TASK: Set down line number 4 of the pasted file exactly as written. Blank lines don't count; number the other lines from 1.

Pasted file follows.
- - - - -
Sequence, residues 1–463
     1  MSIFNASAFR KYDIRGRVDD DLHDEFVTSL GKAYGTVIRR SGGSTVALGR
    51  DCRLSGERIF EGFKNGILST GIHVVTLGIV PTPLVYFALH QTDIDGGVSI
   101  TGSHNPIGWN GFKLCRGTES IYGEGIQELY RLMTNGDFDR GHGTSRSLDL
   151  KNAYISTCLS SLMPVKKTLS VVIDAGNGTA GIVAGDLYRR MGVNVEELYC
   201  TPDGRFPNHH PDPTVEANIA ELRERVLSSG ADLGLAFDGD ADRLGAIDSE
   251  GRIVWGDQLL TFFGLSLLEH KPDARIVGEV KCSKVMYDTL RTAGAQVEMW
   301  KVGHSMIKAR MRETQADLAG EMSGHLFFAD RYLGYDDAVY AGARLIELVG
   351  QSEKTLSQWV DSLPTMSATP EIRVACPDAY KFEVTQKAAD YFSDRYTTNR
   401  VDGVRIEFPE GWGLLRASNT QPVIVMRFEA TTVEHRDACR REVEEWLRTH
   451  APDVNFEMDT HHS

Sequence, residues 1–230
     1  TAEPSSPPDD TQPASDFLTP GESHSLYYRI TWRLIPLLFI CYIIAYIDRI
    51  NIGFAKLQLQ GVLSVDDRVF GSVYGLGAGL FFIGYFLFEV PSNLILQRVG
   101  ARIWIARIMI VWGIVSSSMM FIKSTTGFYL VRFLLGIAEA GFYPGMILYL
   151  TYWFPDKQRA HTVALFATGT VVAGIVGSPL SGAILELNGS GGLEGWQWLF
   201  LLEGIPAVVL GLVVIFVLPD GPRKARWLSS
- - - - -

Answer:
   101  TGSHNPIGWN GFKLCRGTES IYGEGIQELY RLMTNGDFDR GHGTSRSLDL